Warsaw diary #3: UN’s first draft is No Deal without Just Transition
Unions here in Warsaw believe that the UN’s outline climate change treaty, published today, is neither “politically smart, nor responsible.” The so-called common threads linking the main objectives of the treaty to cut emissions, provide finance and support adaptation provide “no space for bringing Decent Work, Just Transition, social justice, or the need to transform economies into the next agreement,” the ITUC says.
We are not alone. Like-Minded Developing Countries (representing 3.5 billion people) are speaking out too. The big concern on the part of China, India, the Philippines, Venezuela and many others is the lack of any real action in the lead up to the 2020 period, and the danger that the new global treaty will blur the different responsibilities of developed and developing nations when it takes effect then.
These concerns follow hard on Japan, Australia and Canada backing out of their previous commitments. And feebler action to address climate change now means a greater burden in the post-2020 regime.
For the ITUC:
“The only way we can move towards a low carbon, climate resilient society is by transforming the world of work, the way we produce energy, goods and services. All our jobs will have to transform into sustainable ones, by investing now in the jobs of the future and building a just transition for all workers, with decent work at the heart of them. A 2015 deal without Just Transition is simply not an option for trade unions.”
“We’re dealing with a double crisis of unemployment and climate change, ” was the view of Nick Sanderson from the UK Youth Climate Coalition. Speaking to over 100 delegates at the ITUC’s roundtable on youth and the climate crisis, he said answers to both lie in green jobs, like home insulation, but they’ve got to offer decent wages and a decent contract, and not new fossil fuel subsidies for shale gas fracking. “We face being the first generation that’s worse off than our parents.” Fewer jobs, more expensive homes, rising energy and food prices were adding to the burdens.
The ETUC has been in close discussions with Polish trade union confederations here on how to squeeze belief that jobs can be created out of the climate crisis when so many have gone through restructuring and austerity. The ETUC and OPZZ are stressing the importance of a European energy and climate policy that puts Just Transition into action.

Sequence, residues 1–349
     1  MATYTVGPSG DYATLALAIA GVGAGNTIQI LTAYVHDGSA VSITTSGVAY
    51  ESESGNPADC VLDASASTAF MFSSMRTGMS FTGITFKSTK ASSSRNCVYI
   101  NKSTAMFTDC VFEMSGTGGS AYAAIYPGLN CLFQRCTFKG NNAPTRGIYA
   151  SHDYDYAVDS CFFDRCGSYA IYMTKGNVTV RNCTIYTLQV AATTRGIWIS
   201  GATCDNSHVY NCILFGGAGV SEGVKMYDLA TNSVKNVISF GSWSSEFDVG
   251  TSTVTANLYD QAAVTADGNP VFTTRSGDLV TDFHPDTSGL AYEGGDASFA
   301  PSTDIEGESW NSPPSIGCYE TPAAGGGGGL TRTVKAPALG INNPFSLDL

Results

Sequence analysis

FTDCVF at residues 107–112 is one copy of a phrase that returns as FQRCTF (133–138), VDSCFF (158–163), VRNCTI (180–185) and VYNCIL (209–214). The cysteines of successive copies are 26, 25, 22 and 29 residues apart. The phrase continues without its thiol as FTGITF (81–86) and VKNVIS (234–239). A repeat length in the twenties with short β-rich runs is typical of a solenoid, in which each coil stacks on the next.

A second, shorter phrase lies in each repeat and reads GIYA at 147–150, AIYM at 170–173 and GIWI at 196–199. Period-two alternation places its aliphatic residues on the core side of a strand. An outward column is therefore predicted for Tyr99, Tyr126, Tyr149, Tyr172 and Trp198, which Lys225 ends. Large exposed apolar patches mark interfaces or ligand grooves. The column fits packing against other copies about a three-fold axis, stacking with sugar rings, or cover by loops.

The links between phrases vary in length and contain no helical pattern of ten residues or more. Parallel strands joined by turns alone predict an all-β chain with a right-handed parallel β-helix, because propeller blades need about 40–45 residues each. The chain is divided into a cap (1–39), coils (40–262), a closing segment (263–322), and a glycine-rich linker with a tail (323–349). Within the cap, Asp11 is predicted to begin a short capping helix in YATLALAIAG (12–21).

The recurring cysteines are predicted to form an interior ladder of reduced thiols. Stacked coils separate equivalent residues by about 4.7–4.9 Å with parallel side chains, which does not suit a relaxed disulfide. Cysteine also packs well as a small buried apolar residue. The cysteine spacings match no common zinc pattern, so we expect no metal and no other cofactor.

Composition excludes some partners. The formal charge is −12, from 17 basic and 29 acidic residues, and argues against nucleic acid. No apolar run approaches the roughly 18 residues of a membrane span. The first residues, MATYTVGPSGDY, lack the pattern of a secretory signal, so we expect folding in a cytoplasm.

It’s obvious from our discussions with Polish trade unions here in Warsaw that European workers have largely paid the bill for the crisis. Massive restructuring programs – which go back 20 years in Poland – have led European unemployment towards historical levels. It’s 13% in Poland now, and 27 million currently unemployed in the EU. Wages, working conditions and social protection systems have been under attack. The EU has lost sight of its social dimension. “It should be brought back in as a cross cutting principle for all EU policies, including those designed to deal with energy and tackle climate change”, said Bernadette Ségol ETUC General Secretary.
The EU appears to want to close down workstreams on economic responses in developing countries, like investment in economic diversification or best practice industrial policies, which has sent us into a new round of lobbying delegations here. It’s a kind of groundhog day.
Graham Petersen, Universities and Colleges Union, said at the roundtable that study programmes should reflect the jobs in a low carbon economy – there’s a growing mismatch between education courses and jobs available. And Judith Kirton-Darling for the ETUC argued that’s why decent work and just transition need to be integrated into the UN framework because of the scale of the changes to jobs and skills that we are demanding.